Can Anticipatory Logistics Work in the Corporate World?
Over the last few years the cost declines of Radio Frequency Identification (RFID) technology, combined with improvements in sensitivity, range and durability, have enabled widespread RFID use in the logistical planning and operation of supply chain processes in the manufacturing, distribution and retail industries. An RFID tag consists of a microchip and an antenna, often in the form of a tiny ribbon that can in turn be packaged into many forms, such as a label, or imbedded in between the cardboard layers in a carton. On the microchip is stored information about the product that the tag is affixed to, which can then be "read" when the tag passes within proximity of an RFID "reader," with that information being relayed back to a computer system that updates the location status of the associated product. After successfully utilizing RFID, Wal-Mart Stores announced that it would require all of its top 100 suppliers to put RFID tags on shipping crates and pallets by January 1st 2005 and their 200 largest suppliers by January 1st, 2006.…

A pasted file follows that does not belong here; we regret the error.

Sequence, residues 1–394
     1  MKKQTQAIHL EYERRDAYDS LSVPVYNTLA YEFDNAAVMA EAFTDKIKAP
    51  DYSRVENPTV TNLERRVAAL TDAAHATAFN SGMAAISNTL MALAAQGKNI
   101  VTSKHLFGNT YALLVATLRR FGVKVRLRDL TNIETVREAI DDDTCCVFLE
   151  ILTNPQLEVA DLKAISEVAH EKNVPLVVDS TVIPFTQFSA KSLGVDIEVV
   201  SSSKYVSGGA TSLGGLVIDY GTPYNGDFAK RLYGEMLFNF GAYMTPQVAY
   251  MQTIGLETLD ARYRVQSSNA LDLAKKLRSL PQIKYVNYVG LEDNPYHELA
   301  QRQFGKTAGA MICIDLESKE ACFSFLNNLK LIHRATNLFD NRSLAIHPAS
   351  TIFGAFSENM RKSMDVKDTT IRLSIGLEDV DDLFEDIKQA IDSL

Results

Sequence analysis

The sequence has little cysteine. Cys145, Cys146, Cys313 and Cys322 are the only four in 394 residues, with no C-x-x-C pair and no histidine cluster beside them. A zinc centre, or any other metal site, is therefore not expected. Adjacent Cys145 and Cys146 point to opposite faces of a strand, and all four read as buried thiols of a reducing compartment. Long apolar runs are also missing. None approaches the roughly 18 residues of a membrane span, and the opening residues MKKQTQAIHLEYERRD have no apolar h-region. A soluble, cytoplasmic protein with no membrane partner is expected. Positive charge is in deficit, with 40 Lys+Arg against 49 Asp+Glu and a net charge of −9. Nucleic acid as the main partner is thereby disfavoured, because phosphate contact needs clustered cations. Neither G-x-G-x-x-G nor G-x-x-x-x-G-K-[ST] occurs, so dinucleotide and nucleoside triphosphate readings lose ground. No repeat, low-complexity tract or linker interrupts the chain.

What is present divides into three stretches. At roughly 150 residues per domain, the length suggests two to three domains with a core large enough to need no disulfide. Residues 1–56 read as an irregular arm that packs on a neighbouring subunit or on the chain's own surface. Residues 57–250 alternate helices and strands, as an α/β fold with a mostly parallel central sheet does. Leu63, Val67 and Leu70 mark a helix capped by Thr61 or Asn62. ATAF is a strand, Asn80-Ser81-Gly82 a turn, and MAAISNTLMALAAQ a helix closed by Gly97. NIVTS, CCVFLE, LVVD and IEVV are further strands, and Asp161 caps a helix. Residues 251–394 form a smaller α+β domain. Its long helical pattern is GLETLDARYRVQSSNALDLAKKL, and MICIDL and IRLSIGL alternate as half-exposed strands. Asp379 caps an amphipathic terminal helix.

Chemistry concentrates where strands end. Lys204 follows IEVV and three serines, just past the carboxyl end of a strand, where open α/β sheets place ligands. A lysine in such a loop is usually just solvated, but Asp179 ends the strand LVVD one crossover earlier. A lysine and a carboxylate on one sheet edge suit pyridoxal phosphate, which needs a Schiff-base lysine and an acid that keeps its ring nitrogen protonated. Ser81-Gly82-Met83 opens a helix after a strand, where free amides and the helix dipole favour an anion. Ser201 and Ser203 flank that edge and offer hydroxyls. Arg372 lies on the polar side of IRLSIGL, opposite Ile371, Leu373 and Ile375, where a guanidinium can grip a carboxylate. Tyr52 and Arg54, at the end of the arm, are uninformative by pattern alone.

- Can Anticipatory Logistics Work in the Corporate World?
- Human Resource Management
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